Study objective: To describe the long-term fertility outcomes in young patients with endometriosis-associated pelvic pain treated with laparoscopic surgery.
Design: Retrospective case series (Canadian Task Force classification II-2).
Setting: Tertiary care hospital.
Patients: Women aged 18 to 25 years who underwent laparoscopic surgery between 2000 and 2005 at the Cleveland Clinic Foundation solely to treat endometriosis-associated pelvic pain.
Interventions: Patients answered a telephone or mail survey questionnaire assessing fertility outcome after surgery.
Measurements and main results: Twenty-eight of 74 eligible patients (37.8%) were enrolled in the study. With a median (interquartile range) age of 23.5 (1.5) years at follow-up, these patients completed the telephone or postal questionnaire to assess fertility outcomes at follow-up of 102.5 (16.6) months. In most participants the diagnosis was less advanced endometriosis (stage I, 60.7%; stage II, 28.6%). Twenty women (71.4%) had at least 1 pregnancy during follow-up that resulted in a live birth, of which >80% were spontaneous without the use of assisted reproductive technologies.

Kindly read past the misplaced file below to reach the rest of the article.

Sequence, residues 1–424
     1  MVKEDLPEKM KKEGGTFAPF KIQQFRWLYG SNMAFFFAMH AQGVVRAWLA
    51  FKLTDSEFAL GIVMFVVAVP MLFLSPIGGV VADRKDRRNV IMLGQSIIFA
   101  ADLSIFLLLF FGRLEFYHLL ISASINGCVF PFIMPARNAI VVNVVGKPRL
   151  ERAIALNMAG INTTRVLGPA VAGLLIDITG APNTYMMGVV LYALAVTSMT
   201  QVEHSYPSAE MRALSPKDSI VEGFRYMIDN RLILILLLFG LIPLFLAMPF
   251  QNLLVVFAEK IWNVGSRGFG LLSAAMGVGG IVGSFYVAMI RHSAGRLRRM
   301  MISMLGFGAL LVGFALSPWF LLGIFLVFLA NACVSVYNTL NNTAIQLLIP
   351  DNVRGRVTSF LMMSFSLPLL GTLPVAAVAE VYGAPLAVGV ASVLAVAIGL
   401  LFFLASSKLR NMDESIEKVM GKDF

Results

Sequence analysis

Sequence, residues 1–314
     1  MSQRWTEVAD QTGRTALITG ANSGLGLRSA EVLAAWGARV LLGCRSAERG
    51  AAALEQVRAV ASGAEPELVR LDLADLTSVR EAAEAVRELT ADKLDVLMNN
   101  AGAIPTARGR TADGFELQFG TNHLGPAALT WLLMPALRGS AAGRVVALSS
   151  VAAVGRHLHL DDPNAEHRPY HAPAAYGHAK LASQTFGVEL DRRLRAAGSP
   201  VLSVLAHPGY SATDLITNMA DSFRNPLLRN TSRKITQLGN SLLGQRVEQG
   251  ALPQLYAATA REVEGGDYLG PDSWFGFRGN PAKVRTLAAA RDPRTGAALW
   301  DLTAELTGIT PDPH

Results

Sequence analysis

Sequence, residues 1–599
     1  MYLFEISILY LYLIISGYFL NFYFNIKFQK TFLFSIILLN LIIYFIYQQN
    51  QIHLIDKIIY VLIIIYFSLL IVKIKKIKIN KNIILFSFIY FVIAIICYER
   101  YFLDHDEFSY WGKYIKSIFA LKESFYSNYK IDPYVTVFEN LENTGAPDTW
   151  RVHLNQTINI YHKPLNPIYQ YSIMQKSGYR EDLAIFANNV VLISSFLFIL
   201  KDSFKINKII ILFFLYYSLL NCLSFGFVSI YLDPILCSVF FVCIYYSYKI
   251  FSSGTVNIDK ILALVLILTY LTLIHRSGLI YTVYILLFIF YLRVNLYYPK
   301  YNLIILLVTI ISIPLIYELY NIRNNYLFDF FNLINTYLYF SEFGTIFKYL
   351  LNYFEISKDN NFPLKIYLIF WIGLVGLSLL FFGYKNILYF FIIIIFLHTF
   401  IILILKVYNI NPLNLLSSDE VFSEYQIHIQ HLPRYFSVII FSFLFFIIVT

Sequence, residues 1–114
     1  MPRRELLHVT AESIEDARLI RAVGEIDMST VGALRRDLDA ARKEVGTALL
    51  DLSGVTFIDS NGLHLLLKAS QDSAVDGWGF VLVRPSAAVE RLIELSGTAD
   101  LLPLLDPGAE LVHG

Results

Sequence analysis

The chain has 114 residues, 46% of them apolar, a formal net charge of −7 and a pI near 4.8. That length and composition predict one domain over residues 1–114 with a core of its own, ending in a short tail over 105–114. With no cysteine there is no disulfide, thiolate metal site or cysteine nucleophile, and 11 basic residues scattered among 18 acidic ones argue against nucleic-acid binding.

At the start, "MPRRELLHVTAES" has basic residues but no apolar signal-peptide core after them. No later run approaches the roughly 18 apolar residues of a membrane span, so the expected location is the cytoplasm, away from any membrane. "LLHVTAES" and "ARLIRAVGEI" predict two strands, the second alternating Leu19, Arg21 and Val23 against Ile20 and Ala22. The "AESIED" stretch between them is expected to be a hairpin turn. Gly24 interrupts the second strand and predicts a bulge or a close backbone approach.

Conclusion: Long-term pregnancy rates are excellent in young women undergoing laparoscopic surgery to treat pelvic pain. However, a future prospective study is needed to determine whether laparoscopy has any hindrance on future fertility.
Keywords: Endometriosis; Fertility; Laparoscopy; Pelvic pain.
Copyright © 2014 AAGL. Published by Elsevier Inc. All rights reserved.